To talk about a principle of relativity only makes sense if one has first defined a frame of reference. One then asserts that the laws of physics take the same form in all members of some class of frames of reference. In special relativity, this class of frames (actually a group in the case) consists of the inertial frames of reference. Given the Minkowski metric and its associated flat inertial connection, such a frame may be defined by taking any time-like autoparallel (“straight”) line, and constructing the family of such lines, one through each point of the manifold (i.e., a fibration of the space-time), each of which is parallel to the initial line.84 One may then pick a fiduciary point on each such line, and use the proper time τ along this world line, counted forwards and backwards starting from that point τ = 0, to individuate the points along the line. Assuming that each line is itself physically individuated (given haecceity) in some way, all the points of the space-time are now individuated. It is customary to choose all the fiduciary points to lie on the same space-like hyperplane orthogonal to the time-like fibration (Einstein convention for defining distant simultaneity). Then the entire group of inertial frames may be generated from the initial one by the action of the Poincaré group on the points of that inertial frame.

Of course, the trivial identity holds: if we move everything together with some diffeomorphism of the manifold, nothing has changed. But given that we move only the world lines with respect to the metric and connection, the Poincaré group is the automorphism group of the inertial frames. The inertial frames thus form a rigid structure, individuating the points of Minkowski space-time, and the hole argument fails, as it will for any finite-parameter Lie group.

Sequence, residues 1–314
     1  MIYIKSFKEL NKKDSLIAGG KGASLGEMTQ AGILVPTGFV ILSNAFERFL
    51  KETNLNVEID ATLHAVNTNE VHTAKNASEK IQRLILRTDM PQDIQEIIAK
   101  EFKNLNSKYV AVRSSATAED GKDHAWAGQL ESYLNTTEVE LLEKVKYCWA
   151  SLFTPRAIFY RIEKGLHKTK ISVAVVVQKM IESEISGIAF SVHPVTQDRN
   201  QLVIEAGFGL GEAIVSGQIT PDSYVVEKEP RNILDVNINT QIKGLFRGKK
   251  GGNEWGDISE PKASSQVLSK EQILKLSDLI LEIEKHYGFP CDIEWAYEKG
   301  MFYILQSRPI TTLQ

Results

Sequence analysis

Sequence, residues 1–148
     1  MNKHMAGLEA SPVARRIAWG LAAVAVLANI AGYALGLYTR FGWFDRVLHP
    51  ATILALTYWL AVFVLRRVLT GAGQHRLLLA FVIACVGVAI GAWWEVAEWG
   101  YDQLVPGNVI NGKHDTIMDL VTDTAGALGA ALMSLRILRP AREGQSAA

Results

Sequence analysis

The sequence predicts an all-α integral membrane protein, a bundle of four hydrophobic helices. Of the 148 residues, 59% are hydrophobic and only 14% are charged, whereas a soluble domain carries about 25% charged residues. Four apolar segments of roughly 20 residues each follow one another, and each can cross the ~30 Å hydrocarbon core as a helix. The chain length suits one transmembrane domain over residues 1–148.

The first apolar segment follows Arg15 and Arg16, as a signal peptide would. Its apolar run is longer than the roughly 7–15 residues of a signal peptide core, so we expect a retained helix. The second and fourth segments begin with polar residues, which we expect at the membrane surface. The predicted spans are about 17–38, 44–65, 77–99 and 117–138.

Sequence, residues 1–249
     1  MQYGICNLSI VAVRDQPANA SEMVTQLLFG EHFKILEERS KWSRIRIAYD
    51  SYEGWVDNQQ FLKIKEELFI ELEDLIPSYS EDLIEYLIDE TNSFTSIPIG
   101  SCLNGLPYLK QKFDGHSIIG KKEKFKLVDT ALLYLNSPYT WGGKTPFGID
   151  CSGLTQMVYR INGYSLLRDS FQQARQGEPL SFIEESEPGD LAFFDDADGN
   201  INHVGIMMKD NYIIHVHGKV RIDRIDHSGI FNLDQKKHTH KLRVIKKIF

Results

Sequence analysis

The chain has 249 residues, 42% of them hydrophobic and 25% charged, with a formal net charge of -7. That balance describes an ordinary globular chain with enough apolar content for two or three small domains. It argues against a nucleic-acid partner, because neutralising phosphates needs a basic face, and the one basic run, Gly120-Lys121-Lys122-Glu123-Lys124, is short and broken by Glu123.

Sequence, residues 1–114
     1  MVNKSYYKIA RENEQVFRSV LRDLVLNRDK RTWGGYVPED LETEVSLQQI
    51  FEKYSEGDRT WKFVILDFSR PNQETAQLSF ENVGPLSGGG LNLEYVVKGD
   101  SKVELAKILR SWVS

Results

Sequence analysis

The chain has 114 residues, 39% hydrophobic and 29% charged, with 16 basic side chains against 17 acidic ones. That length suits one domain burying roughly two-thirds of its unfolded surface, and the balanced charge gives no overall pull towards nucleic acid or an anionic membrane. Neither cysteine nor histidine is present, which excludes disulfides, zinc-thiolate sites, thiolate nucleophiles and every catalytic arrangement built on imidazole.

In general relativity, a spatial frame of reference also corresponds to a fibration of the four-dimensional manifold M with the stipulation that, when a metric tensor field g is introduced, the fibration consist of curves with a unit time-like vector field v tangent to the fibration: v = dx∕dτ.85 We may then define projection operators ′P along the foliation and ′′P orthogonal to it. The vector field v represents the four-velocities of observers in the chosen reference frame and the orthogonal projection of the metric field 3 g represents the instantaneous spatial rest-frame of each observer. Again, one may pick a fiduciary point on each time-like world line and use the proper time, forwards and backwards starting from that point, to individuate the points along the line.